STANDING FIRM Helps Businesses Combat an Unseen Effect of COVID-19
For many, working from home has become a reality during the COVID-19 pandemic. But what happens when home is not a safe place to be and workplaces that function as protective environments for those survivors of partner abuse are taken away?
When work is safer than home, those at risk for abuse can experience increased isolation and danger. STANDING FIRM works with employers to alleviate these impacts not just in times of global crisis, but always.
STANDING FIRM is a national program founded in 2009 by Dr. Patricia Cluss, a University of Pittsburgh faculty member and researcher on intimate partner violence (IPV). Its mission is to alert employers to the financial, safety, and human costs of partner violence on the workplace and workforce, and equip them with tools for taking effective organizational action.
STANDING FIRM is one of the few programs in the country dedicated to supporting employers to address intimate partner violence (IPV) as a workplace and workforce issue. A membership organization, STANDING FIRM has helped raise awareness about the incidence of IPV and the risk it poses as a trigger for workplace violence. STANDING FIRM has implemented employee and manager education for companies in Pittsburgh and across the country, including an eight-year partnership with Peoples.
“IPV is a stubborn public health problem that has a substantial negative impact on the safety, health, and equity of employees in the workplace,” said Beth Lewis, Director of STANDING FIRM. “Societal norms that suggest violence and control in an intimate relationship is a ‘private’ matter have interfered in the effort to address it head-on. The chance to engage employers in the community response to this intractable problem was part of my interest in joining STANDING FIRM.”
There is no one-size-fits-all approach for helping IPV survivors. And especially during the COVID-19 pandemic, many of the typical avenues to seek safety or access support may no longer be viable. STANDING FIRM builds a framework to help employers Recognize, Respond, and Refer, even during pandemic times.
“In recent years, I have seen an increased focus on providing support for employees dealing with partner violence, like understanding the negative impact it has on employees, and on their performance and attendance,” said Monica Alston, an advisory council member for STANDING FIRM and Construction Operations Administration Manager for Peoples. “Organizations like STANDING FIRM make it possible for companies like Peoples to take a more proactive approach to educate employees about the readily available resources, and encourage a work environment of support without judgment within the company.”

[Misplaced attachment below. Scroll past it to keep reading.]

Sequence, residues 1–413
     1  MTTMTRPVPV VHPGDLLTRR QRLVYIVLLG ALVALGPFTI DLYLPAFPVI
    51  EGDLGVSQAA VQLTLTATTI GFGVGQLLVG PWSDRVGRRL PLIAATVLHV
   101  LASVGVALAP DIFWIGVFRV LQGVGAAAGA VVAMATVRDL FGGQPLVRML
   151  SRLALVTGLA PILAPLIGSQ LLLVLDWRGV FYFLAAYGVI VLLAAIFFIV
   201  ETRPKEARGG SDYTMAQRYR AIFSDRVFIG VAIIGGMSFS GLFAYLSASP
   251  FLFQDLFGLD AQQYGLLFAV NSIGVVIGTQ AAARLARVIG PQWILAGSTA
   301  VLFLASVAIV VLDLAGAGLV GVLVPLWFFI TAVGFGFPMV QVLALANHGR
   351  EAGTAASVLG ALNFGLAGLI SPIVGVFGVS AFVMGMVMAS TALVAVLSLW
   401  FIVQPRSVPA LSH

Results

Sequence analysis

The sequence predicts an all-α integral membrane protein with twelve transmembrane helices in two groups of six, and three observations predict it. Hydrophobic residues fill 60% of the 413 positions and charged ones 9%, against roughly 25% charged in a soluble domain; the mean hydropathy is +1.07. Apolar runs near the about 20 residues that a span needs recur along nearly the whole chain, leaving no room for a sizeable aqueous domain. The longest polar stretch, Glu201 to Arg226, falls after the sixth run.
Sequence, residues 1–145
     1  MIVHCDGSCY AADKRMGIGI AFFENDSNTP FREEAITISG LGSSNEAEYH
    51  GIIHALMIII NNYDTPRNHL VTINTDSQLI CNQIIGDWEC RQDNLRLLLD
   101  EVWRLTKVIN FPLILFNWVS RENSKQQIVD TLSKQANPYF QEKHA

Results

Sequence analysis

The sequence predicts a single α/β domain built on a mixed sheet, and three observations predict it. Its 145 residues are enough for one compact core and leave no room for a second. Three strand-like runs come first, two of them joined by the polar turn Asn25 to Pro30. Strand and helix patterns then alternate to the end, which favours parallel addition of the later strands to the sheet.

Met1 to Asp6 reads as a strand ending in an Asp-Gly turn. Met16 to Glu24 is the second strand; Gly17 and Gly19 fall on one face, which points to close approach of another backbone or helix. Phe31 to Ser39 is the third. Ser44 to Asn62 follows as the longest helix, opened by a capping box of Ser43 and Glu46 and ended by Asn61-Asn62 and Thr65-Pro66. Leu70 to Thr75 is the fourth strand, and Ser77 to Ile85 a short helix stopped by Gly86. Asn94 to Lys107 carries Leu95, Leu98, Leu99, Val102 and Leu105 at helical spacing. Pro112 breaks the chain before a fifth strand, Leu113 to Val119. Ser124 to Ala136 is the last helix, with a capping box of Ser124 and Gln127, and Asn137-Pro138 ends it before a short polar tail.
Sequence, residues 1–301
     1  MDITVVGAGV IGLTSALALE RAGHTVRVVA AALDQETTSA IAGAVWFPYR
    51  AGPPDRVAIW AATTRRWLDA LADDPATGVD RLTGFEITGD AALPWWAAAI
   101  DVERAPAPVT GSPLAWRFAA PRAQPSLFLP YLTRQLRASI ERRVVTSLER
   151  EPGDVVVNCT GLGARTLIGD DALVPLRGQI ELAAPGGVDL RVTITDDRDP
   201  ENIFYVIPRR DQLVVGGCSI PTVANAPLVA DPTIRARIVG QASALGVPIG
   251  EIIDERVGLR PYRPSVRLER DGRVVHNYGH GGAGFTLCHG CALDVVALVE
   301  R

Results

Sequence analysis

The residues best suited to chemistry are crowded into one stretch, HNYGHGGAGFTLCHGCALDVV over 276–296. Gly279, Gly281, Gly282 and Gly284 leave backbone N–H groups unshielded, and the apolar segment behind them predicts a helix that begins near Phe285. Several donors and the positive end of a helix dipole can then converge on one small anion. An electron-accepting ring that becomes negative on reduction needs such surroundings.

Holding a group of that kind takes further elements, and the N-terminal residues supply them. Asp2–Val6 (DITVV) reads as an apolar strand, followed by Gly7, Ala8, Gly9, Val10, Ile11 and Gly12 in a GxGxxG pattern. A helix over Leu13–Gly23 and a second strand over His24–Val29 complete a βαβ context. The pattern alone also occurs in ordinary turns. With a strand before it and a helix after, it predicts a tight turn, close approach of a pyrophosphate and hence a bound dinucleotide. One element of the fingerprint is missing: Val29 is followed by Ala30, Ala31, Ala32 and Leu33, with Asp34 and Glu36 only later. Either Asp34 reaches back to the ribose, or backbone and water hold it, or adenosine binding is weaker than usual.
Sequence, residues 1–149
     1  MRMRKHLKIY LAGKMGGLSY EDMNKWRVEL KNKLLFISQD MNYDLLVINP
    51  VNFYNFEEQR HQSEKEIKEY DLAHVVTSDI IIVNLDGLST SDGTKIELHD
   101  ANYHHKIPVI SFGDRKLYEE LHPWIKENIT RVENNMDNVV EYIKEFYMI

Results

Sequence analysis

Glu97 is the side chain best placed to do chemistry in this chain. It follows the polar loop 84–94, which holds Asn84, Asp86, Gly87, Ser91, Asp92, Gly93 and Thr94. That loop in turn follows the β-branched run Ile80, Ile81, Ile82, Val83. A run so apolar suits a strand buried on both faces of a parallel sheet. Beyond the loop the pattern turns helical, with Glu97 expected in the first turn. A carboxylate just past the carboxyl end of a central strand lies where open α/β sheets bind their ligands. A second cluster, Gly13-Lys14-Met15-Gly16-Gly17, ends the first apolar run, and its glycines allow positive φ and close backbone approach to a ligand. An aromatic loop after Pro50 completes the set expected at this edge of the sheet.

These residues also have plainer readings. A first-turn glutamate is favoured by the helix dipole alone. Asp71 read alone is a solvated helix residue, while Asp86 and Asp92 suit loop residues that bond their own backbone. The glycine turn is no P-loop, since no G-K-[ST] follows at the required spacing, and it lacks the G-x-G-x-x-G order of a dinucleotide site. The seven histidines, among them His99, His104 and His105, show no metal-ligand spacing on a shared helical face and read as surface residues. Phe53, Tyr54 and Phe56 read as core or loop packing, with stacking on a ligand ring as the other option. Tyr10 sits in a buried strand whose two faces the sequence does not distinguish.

By educating employers to recognize IPV as an issue with bottom-line effects on workplace productivity and safety, respond appropriately by adopting policies and implementing training for employees and management, and referring employed victims to internal and community resources for assistance, STANDING FIRM is destigmatizing IPV as a “domestic” issue we must all help address.
Lewis says that informing employers of the resources available to their employees suffering from IPV during COVID-19 is critical.
“Widely sharing victim hotline or text/chat access can be a lifesaver for employees surviving a dangerous relationship and stuck at home with their abuser,” she said. “The question of the employer’s responsibility to provide a safe workplace under OSHA regulations remains open since work-from-home orders began last spring. If an employer knows their employee is in a violent relationship and requires them to work from home, how does the employer discharge their responsibility for safety for their employee?”
And what about a manager who isn’t aware that an employee is in a violent relationship? They may have a “gut feeling” that something isn’t right but no hard evidence that something is wrong?
“Some signs of IPV are not obvious and become can be even harder to identify remotely,” Lewis said. “It may simply be a shift in demeanor, a lack of availability, or something even more subtle that doesn’t add up.” Acknowledging concern and directing an employee to available resources even if they do not disclose abuse can help.
Alston agrees that the resources provided through the organization are helpful for all parties involved.
“Having STANDING FIRM as an advocate and a resource is very helpful for management and Human Resource partners,” she said. “The ability to work with STANDING FIRM to receive online training programs and their parent organization, Women’s Center and Shelter of Greater Pittsburgh, as a resource for the referral program provides a specialized understanding that is needed when handling situations of employees dealing with partner violence.”
To help employers learn the signs and better understand problems that could arise through remote work, STANDING FIRM created a brief webinar as a guide for managers who must supervise employees remotely, and an accompanying tool kit containing resources for employees and managers alike.
For employers wanting to become a part of STANDING FIRM, or employees who would like to bring the program to the attention of company leaders, Lewis encourages employers to keep an open mind.
“Be open about the problem of IPV. It is not expensive to offer employee education on the topic, nor is it costly to develop a policy. If you think about it, since 1 in 3 women and 1 in 9 men experience IPV, we all know someone who has been affected, and they may just need the door to be opened for them to ask for help.”